For an experiment or survey:
Relative frequency = number of times the event happens ÷ total number of trials
For example, if you observed 100 passing cars and found that 23 of them were red, the relative frequency is 23/100.
In the Probability Revision Bite, you learnt that you get a more accurate result in surveys of events if you carry out a large number of trials or survey a large number of people.
A bag contains 3 red sweets and 7 blue sweets.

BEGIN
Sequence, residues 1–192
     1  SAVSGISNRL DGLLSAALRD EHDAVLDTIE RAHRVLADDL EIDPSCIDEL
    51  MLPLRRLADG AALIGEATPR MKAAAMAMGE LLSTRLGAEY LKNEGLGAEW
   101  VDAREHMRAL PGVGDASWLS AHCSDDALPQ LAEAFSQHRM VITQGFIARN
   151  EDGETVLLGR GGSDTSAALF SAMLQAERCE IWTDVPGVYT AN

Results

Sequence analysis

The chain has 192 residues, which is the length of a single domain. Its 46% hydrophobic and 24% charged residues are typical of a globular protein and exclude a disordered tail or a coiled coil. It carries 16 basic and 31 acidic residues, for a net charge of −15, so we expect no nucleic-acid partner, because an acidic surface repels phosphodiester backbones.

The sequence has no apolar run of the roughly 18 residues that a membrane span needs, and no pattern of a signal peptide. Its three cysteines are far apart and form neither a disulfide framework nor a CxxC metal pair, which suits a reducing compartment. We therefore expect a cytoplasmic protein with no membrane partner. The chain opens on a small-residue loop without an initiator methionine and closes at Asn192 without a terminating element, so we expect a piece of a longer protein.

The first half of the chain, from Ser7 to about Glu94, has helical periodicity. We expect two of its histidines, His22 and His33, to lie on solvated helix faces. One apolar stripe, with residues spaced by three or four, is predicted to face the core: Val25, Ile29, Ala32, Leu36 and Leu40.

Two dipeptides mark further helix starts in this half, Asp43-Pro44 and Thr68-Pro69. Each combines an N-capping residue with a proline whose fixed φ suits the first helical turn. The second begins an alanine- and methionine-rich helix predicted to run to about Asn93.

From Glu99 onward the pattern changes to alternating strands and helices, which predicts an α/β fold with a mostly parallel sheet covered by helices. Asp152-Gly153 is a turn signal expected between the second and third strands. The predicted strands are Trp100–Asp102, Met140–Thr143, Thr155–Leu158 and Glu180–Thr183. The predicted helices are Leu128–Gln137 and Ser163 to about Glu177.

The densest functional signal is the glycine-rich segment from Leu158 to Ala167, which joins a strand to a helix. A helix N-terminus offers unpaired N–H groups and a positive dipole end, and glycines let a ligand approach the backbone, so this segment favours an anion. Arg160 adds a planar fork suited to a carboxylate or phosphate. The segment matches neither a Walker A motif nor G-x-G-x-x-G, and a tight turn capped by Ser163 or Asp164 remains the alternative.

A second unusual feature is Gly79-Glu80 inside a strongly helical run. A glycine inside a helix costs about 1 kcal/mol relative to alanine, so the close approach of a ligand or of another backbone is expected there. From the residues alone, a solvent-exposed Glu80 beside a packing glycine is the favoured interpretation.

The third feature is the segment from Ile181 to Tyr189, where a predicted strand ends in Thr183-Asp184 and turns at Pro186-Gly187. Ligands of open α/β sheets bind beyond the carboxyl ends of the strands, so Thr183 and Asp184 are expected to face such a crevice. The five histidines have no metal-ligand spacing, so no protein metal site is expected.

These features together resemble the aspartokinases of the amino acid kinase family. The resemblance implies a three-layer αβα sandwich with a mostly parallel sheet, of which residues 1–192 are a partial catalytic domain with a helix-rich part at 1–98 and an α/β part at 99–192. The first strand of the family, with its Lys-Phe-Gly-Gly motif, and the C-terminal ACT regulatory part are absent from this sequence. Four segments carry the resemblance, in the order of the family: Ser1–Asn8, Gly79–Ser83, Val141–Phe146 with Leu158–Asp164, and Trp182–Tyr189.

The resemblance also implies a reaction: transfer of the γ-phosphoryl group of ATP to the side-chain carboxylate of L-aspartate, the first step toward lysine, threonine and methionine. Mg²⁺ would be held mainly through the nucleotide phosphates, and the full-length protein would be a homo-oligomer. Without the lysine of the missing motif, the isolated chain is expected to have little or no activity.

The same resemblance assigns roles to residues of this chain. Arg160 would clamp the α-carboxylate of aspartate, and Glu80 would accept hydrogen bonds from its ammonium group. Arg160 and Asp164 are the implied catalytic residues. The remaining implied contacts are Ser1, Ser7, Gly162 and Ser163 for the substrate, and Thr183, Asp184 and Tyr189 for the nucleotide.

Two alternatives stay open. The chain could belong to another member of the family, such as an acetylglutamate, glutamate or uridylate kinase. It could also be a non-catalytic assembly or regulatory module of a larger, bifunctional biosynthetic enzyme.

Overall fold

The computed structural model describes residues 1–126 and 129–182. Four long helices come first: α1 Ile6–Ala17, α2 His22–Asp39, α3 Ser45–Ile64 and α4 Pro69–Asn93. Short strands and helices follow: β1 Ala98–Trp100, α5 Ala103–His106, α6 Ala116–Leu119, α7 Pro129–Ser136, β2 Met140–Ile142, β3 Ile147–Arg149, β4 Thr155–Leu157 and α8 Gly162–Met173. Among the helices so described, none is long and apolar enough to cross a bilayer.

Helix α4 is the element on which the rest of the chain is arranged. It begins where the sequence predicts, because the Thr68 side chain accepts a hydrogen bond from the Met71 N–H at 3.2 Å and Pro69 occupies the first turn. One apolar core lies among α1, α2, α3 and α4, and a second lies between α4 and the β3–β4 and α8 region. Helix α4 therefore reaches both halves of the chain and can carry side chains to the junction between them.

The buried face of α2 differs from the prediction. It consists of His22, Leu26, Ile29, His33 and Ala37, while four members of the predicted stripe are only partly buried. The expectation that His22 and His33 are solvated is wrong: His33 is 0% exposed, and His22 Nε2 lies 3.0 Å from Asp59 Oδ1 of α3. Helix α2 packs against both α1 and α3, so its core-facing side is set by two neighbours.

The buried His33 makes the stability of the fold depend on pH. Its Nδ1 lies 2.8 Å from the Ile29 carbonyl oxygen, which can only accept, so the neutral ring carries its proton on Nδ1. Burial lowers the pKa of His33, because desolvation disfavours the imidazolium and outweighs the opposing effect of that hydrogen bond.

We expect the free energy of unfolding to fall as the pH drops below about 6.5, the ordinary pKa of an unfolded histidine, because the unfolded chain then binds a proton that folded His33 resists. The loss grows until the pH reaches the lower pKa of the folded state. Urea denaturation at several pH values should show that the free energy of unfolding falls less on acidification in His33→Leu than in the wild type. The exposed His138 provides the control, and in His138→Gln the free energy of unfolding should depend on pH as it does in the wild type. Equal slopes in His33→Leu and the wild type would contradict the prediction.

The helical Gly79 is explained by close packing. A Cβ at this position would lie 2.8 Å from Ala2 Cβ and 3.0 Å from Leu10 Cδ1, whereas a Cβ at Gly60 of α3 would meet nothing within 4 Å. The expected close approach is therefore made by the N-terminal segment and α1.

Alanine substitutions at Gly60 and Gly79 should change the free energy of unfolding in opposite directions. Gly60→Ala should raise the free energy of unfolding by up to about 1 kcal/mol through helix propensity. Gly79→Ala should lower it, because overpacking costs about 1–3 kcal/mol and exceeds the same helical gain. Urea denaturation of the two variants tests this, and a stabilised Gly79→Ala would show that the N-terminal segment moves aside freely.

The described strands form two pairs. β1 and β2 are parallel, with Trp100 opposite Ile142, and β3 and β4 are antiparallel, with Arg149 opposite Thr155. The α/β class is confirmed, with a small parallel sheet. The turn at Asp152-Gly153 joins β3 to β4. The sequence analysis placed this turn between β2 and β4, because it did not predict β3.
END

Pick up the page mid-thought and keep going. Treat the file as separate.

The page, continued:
Tom took a sweet from the bag, noted its colour and then replaced it.
He did this 10 times and found that he obtained a red sweet on 4 occasions (ie the relative frequency was 4/10).
He then carried out the experiment another 10 times, combined his results with the first trial and saw that - in total - he had obtained a red sweet on 5 out of 20 occasions (ie the relative frequency was 5/20 ).
Tom continued in this way, recording his combined results after every 10 trials and showing them on the graph below:
We can see from the graph that relative frequency gets better (ie closer to the true probability) as the number of trials increases.
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